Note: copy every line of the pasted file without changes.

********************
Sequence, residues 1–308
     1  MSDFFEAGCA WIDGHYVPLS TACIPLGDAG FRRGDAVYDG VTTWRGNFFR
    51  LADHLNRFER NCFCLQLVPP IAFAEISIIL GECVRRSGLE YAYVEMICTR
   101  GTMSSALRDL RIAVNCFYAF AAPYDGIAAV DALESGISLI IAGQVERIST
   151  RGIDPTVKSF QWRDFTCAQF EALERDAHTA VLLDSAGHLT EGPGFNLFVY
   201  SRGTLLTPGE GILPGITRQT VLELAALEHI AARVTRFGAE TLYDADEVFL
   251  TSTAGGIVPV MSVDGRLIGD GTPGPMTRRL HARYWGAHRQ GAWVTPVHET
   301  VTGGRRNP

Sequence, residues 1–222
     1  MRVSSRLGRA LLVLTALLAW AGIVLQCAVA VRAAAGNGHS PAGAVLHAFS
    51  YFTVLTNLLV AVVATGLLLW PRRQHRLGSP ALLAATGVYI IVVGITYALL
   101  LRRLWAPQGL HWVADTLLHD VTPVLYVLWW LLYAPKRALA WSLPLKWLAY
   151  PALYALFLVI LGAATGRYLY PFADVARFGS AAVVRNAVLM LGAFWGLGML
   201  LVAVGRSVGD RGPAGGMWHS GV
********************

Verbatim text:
Sequence, residues 1–308
     1  MSDFFEAGCA WIDGHYVPLS TACIPLGDAG FRRGDAVYDG VTTWRGNFFR
    51  LADHLNRFER NCFCLQLVPP IAFAEISIIL GECVRRSGLE YAYVEMICTR
   101  GTMSSALRDL RIAVNCFYAF AAPYDGIAAV DALESGISLI IAGQVERIST
   151  RGIDPTVKSF QWRDFTCAQF EALERDAHTA VLLDSAGHLT EGPGFNLFVY
   201  SRGTLLTPGE GILPGITRQT VLELAALEHI AARVTRFGAE TLYDADEVFL
   251  TSTAGGIVPV MSVDGRLIGD GTPGPMTRRL HARYWGAHRQ GAWVTPVHET
   301  VTGGRRNP

Sequence, residues 1–222
     1  MRVSSRLGRA LLVLTALLAW AGIVLQCAVA VRAAAGNGHS PAGAVLHAFS
    51  YFTVLTNLLV AVVATGLLLW PRRQHRLGSP ALLAATGVYI IVVGITYALL
   101  LRRLWAPQGL HWVADTLLHD VTPVLYVLWW LLYAPKRALA WSLPLKWLAY
   151  PALYALFLVI LGAATGRYLY PFADVARFGS AAVVRNAVLM LGAFWGLGML
   201  LVAVGRSVGD RGPAGGMWHS GV